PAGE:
Posted by: Peter Burrows on August 17, 2007
Dell finally completed its internal investigation yesterday, two years after the SEC first advised the company it had concerns over the PC maker’s books. The news was not good. Turns out the company repeatedly lied to auditors, to help it meet its quarterly targets. The numbers weren’t huge, but that’s still disturbing. And I, for one, feel the company should have been more specific about who was responsible. Here’s all it said:
we have effected personnel changes in our accounting and financial reporting functions, and there will likely be additional changes as we proceed. Consequently, many of the employees involved in the accounting processes in which errors were made are no longer involved in the accounting or financial reporting function. In addition, we have taken, or will take, appropriate remedial actions with respect to certain employees, including terminations, reassignments, reprimands, increased supervision, training, and imposition of financial penalties in the form of compensation adjustments.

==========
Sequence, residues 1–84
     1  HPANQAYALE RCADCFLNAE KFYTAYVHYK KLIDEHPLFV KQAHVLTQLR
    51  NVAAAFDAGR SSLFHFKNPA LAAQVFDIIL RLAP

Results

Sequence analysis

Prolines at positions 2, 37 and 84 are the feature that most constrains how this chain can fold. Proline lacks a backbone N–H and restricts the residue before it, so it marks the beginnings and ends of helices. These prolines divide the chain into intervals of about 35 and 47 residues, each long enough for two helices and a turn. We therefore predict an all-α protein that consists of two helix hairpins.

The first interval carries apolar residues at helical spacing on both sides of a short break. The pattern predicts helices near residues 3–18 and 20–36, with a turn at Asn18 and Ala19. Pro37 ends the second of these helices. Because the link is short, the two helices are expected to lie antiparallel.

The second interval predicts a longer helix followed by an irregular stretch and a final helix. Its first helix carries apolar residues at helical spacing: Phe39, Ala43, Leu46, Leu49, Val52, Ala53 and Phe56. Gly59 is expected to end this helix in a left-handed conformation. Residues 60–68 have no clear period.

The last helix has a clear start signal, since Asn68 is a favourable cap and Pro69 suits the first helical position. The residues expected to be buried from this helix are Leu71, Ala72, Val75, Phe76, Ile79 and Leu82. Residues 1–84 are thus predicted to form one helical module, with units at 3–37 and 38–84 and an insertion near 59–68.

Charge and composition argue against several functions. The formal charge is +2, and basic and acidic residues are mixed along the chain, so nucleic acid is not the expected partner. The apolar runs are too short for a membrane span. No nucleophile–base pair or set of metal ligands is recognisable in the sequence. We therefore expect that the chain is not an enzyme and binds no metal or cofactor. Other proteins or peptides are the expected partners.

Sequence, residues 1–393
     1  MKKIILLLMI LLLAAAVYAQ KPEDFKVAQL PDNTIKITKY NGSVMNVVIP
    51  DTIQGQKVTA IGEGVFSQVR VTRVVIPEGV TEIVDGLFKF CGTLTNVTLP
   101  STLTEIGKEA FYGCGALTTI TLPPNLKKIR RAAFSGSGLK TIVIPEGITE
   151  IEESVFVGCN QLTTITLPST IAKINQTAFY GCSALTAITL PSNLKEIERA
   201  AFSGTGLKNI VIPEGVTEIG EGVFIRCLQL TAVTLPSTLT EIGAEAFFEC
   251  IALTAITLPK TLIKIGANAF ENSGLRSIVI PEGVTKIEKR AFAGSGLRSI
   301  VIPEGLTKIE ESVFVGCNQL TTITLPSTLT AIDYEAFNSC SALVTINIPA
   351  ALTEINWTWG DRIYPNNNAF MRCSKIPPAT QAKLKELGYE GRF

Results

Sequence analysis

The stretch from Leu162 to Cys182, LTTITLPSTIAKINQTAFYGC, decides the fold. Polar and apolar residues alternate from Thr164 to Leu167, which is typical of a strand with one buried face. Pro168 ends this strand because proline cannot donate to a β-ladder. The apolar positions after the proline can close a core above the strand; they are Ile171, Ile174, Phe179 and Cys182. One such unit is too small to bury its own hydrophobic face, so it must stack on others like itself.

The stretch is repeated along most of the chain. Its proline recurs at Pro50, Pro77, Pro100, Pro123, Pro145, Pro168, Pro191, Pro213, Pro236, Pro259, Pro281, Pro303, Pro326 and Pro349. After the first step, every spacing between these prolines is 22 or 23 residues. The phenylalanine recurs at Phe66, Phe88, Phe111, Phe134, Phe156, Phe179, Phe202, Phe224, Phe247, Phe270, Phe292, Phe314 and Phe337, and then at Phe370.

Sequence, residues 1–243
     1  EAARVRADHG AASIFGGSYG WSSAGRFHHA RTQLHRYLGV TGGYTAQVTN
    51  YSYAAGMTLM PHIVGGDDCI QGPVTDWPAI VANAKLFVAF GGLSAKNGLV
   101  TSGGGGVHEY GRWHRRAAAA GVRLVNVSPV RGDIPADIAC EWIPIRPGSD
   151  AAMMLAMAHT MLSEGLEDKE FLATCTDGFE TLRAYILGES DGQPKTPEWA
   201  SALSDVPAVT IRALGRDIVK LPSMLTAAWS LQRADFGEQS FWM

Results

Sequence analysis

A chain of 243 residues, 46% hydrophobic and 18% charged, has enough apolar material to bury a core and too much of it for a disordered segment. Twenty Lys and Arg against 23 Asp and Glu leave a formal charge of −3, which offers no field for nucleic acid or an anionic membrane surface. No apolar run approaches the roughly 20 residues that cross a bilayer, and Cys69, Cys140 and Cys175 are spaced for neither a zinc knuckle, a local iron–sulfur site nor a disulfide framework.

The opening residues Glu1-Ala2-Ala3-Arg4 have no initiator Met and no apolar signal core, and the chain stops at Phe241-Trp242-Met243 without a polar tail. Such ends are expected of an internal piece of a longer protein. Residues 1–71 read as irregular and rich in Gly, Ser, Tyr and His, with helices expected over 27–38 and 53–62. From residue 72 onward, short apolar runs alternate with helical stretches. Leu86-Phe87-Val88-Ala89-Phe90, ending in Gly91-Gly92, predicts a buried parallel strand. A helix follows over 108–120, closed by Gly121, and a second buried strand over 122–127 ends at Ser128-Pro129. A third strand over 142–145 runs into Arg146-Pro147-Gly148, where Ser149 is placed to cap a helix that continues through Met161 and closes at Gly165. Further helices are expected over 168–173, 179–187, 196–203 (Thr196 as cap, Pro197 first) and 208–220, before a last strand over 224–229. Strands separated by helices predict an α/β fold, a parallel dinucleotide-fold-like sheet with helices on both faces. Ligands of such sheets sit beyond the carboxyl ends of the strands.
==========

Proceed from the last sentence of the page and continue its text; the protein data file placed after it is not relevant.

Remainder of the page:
I don’t know about you, but this doesn’t inspire much confidence in the absence of any names. It’s not that I’m calling for heads to roll, or for public humiliation of low-level employees. Also, I understand that the internal investigation is clearly designed to answer to the SEC, and any firm statements of guilt or innocence could come back to haunt the company if the SEC ever brings charges.
Still, this was an opportunity for the company to come clean with its shareholders, and take another step towards restoring confidence. As written, we’re lead to believe that underlings down in the finance department cooked the books all on their own. Does that pass your smell test? Many people will conclude that former CFO Jim Schneider, who was fired in January, was involved. But I bet many shareholders would have appreciated some statement about the involvment of Michael Dell and other top executives—even if it was to point out that the board does not currently believe they had any knowledge of it. Sources tell me that’s almost certainly the case. Still, the fact that Dell’s stock rose only $.39 today on a great day on Wall Street suggests that yesterday’s disclosure did little to calm investors’ nerves about Dell’s accounting problems.